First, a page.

To date, we’re encouraged to report that the first ABTV prototype successfully demonstrated organism detection utilizing one particular type of mesh filter. This demonstrates that the process is viable and now the team will try to achieve similar results for a variety of other filter types. They have also demonstrated that the system can be operated remotely and the results transmitted successfully.
Moments of Truth: Performance in the Field
Once a prototype is developed that appears to perform in a variety of shipboard environments, have we reached the finished line?
Not quite—in fact, that’s only the target of year one in a three-year project.
The first opportunity for a field test came up in September of 2013 when the Maritime Environmental Resource Center and the Alliance for Coastal Technologies sponsored a test for ballast water technology verification systems and monitoring technology systems. This gave Dr. Ram’s team the opportunity to test drive the system and benchmark their results against current environmental technology verification protocol measurements.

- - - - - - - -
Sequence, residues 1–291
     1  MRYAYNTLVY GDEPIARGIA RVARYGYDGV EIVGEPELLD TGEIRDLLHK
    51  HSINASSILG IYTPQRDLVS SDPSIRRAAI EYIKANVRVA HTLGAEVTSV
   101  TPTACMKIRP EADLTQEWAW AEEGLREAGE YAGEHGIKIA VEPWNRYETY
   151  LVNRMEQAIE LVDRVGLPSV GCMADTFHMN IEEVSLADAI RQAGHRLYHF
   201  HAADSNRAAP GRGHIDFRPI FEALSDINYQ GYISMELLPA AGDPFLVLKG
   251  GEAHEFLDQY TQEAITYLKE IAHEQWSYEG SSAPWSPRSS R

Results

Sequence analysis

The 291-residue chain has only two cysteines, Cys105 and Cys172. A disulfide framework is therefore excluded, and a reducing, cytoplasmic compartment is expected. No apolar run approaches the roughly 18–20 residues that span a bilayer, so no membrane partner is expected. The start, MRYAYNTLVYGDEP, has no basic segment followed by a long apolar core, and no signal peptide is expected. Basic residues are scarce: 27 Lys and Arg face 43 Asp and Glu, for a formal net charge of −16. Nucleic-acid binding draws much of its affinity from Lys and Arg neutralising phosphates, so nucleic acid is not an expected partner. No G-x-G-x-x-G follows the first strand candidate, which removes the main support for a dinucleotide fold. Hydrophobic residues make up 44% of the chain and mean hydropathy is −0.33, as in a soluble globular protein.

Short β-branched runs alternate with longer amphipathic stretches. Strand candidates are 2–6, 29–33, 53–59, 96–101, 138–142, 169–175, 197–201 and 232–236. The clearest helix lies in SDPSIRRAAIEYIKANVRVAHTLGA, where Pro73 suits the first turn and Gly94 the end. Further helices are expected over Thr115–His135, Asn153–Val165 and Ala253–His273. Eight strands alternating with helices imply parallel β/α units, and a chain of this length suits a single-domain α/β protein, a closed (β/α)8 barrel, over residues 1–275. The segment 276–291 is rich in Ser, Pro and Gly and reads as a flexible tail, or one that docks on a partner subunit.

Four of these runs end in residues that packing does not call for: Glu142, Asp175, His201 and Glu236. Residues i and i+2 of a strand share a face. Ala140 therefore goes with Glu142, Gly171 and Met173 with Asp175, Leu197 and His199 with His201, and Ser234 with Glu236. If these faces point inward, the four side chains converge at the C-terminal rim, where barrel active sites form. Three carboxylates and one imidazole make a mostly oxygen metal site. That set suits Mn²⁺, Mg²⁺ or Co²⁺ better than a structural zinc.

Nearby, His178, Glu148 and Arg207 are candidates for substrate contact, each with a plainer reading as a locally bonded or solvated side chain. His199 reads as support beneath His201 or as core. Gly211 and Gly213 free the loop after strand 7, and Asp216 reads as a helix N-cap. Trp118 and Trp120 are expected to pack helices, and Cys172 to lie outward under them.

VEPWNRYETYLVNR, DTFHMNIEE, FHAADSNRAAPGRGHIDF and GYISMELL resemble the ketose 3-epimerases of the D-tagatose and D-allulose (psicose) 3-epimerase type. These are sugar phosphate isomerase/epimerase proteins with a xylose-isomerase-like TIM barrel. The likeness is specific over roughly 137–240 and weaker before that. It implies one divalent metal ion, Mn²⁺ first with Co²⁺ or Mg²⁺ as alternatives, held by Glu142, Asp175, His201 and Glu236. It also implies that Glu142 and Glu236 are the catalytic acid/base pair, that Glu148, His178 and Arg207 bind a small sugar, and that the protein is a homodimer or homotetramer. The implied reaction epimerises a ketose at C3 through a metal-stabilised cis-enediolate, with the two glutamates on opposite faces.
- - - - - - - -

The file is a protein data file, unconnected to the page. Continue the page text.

The test took place in Baltimore while the sampling and monitoring mechanisms were operated remotely by Dr. Ram in Detroit. This very early prototype, under these field conditions, successfully demonstrated the system’s ability to be operated and monitored remotely and also returned measureable “live” signals within 15 minutes of sampling.
The ABTV team was very encouraged by these early results, however this test is just one of many the system will go through on its path to becoming a well-developed, ready-for-prototype-installation verification system.
What’s Next for the ABTV Team?